The Ministry


Joined: 04 Sep 2008
Posts: 1470
Location: Sydney, Australia

PostPosted: Sun Oct 09, 2016 4:52 pm    Post subject: Reply with quote

I think some spies did disappear quietly at that time.
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Every episode from 1961 to 1977 plus more trivia than you can shake a brolly at.
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Dfrise
Thingumajig


Joined: 05 Sep 2008
Posts: 87
Location: Pennsylvania, USA

PostPosted: Tue Oct 18, 2016 1:18 pm    Post subject: Reply with quote

dissolute wrote:
I think some spies did disappear quietly at that time.


But that is speculation. What is fact is that these 2 atomic spies for the Soviet Union lived out their lives in peace after early release from prison. One got to continue helping the Soviets. If anyone was a candidate during the Cold War for being "disappeared," these 2 would have to head the list.

The author of this well-written episode portrayed British justice as a clone of justice in Stalin's Soviet Union. It just wasn't so.
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Ian Wegg
Little Wonder


Joined: 15 Sep 2011
Posts: 246

PostPosted: Tue Oct 17, 2017 12:48 pm    Post subject: Reply with quote

I'm wondering what the job of "story editor" was in this series, there seems to be very little consistency of style at this time. This is a very different story to the Agatha Christie like "Dressed to Kill" that precedes it, and both are different again to the almost surreal "The Little Wonders" that follows. I wonder what the audience of 1964 made of these weekly shifts in style, but perhaps that is part of its attraction.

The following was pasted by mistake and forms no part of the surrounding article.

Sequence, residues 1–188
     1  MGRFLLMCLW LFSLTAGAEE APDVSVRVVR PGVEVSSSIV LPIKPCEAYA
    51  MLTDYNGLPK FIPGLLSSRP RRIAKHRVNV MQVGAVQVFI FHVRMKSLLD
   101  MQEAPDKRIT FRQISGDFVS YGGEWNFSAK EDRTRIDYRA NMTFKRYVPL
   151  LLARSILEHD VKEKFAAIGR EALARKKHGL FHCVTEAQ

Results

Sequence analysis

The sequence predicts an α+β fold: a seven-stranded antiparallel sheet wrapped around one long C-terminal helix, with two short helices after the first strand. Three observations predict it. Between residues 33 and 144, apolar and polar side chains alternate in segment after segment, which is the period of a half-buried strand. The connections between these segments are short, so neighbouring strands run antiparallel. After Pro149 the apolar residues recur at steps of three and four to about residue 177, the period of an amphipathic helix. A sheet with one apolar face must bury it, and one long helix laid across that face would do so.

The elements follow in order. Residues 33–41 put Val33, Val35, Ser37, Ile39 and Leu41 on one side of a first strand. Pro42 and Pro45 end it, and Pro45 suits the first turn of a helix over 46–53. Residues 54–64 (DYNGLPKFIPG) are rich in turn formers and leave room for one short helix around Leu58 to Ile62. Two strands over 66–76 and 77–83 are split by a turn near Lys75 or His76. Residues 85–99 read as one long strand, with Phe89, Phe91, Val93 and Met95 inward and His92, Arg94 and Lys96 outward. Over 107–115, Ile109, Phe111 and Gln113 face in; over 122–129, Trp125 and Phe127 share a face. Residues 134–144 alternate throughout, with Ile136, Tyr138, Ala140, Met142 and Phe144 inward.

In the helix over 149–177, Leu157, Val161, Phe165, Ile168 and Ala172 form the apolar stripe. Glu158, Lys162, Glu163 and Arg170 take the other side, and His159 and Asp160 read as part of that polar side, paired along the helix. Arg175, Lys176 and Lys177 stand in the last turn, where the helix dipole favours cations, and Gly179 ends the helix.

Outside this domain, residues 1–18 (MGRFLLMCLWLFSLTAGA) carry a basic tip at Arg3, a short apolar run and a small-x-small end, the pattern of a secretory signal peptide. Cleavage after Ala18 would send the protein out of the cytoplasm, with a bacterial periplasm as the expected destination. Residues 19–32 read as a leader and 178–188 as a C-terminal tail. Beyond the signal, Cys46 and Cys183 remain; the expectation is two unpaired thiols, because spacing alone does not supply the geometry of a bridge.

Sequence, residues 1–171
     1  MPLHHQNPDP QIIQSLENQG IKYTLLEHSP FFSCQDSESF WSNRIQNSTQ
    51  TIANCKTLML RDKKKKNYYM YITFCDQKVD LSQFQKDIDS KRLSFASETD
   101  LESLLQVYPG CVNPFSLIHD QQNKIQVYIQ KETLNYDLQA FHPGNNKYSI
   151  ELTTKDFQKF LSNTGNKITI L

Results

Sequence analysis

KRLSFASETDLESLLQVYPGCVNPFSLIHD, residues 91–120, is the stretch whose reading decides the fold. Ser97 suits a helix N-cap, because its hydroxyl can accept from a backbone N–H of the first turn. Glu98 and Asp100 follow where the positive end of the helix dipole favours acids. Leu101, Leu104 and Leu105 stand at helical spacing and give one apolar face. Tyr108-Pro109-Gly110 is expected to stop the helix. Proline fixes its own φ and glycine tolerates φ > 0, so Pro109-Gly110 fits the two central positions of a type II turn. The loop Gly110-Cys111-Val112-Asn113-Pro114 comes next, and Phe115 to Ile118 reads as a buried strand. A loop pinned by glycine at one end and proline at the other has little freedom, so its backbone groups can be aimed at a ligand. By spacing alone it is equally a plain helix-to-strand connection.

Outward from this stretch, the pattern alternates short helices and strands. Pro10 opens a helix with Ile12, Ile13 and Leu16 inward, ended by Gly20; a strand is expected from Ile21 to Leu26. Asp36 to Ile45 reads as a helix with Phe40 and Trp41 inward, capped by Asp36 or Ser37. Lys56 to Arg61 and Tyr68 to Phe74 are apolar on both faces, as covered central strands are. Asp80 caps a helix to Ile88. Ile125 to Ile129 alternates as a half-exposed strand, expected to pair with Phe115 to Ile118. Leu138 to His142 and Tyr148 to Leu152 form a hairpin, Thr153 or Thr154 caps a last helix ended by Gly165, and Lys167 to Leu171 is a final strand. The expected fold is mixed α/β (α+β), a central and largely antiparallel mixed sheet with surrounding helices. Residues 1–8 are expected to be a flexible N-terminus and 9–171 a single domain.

A terrific, straightforward spy story here; sort of John le Carré meets The Prisoner and well executed. It kept me engaged throughout (where some earlier episodes have failed to keep me awake).

It would be captious of me to mark this down for not being Avenger-ish as the term isn't yet fully defined.

9/10
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dissolute
The Ministry


Joined: 04 Sep 2008
Posts: 1470
Location: Sydney, Australia

PostPosted: Wed Oct 18, 2017 1:15 pm    Post subject: Reply with quote

It's interesting isn't it? They try a different genre every other week, it feels like a new show feeling its way rather than an established show. Of course, the show was reinvented in the next two series so maybe this presages that.
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Every episode from 1961 to 1977 plus more trivia than you can shake a brolly at.
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Ian Wegg
Little Wonder


Joined: 15 Sep 2011
Posts: 246

PostPosted: Thu Oct 19, 2017 7:40 am    Post subject: Reply with quote

As someone who grew up in the Emma Peel and Tara King eras I thought I had a clear idea of what constitutes an Avengers episode. Coming to the Cathy Gale series for the first time I initially found it difficult to rate some episodes which didn't seem to be The Avengers at all, but were nevertheless cracking stories.

I've realised that the only way to do it is to score how much I enjoyed watching each show in isolation and putting aside the concept of "Avengerness".